No Child Left Inside
You may have heard the term, “nature deficit disorder,” coined by Richard Louv in his book, Last Child in the Woods (2005). According to Louv, today’s children spend far less time outdoors than even a generation ago. With the rise in electronic entertainment – from television & DVDs to computer games to social networking sites like myspace and facebook, to cellphone texting and Wii – today’s children are spending more than 50 hours a week with electronic media (Kaiser Family Foundation).
This disconnect from nature has been linked to childhood obesity, attention disorders, and stress and depression in children. Conversely, recent research has shown that children with ADHD concentrate better after a walk in the park. And overall health improves for both children and adults who live near parks or woods, even in urban environments.
The benefits to children of re-connecting with nature include:
- increase in attention span, focus, and self-discipline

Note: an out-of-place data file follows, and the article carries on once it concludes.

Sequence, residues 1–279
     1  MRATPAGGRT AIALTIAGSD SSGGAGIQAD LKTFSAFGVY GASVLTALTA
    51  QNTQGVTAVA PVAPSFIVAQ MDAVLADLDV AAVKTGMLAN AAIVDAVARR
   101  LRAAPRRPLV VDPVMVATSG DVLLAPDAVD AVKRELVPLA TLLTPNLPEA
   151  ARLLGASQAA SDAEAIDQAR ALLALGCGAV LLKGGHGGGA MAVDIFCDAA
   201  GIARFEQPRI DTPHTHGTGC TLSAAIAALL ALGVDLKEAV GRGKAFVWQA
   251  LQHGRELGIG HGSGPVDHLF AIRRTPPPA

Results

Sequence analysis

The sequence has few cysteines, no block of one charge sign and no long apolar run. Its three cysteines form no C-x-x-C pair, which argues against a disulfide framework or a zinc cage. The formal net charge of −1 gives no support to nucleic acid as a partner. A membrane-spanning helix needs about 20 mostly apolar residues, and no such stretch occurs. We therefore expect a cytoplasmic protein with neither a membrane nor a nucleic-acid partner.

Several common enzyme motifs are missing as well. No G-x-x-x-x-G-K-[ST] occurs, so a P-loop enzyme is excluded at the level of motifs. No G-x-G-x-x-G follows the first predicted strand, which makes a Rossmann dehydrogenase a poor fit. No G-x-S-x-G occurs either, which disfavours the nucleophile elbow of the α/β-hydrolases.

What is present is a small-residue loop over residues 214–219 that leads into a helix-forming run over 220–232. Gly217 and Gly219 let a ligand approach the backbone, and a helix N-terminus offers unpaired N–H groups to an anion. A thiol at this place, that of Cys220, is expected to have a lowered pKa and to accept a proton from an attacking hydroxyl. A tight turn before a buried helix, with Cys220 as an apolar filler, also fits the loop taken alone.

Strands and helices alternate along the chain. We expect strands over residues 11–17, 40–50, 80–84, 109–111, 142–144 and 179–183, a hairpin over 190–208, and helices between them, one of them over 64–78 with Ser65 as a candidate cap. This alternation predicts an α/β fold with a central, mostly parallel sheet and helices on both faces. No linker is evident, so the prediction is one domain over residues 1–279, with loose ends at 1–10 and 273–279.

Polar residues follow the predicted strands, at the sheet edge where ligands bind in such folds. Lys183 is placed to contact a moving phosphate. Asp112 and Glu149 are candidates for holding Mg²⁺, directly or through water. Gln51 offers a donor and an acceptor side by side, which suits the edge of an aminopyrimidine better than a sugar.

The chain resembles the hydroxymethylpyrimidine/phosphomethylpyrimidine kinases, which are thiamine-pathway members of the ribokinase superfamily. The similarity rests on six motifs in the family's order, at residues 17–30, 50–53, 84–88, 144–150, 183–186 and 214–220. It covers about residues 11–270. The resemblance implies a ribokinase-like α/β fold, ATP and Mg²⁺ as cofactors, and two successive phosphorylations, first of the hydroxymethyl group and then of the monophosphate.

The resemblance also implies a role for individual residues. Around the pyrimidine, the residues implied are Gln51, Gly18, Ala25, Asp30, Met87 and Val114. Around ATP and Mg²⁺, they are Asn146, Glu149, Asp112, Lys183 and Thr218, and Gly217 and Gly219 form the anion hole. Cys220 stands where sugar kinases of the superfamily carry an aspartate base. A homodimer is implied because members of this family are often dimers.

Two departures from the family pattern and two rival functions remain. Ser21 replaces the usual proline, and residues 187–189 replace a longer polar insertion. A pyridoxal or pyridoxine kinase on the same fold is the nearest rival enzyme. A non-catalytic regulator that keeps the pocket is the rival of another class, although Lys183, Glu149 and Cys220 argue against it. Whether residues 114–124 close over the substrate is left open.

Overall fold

- better problem-solving and cooperative behavior
- increase in creativity, self-esteem, and overall happiness
According to the Children and Nature Network, “Children will be smarter, better able to get along with others, healthier and happier when they have regular opportunities for free and unstructured play in the out-of-doors.”
You don’t have to send your kids away to camp, take a family vacation to a National Park, or even allow them unsupervised play in the woods across the street. Outdoor activities can take place – safely- in your neighborhood park or even in your own backyard. Making outdoor play a family activity has the added benefit of strengthening family ties and creating shared memories that your kids will cherish for many years to come.
Check out these resources for family-oriented nature activities: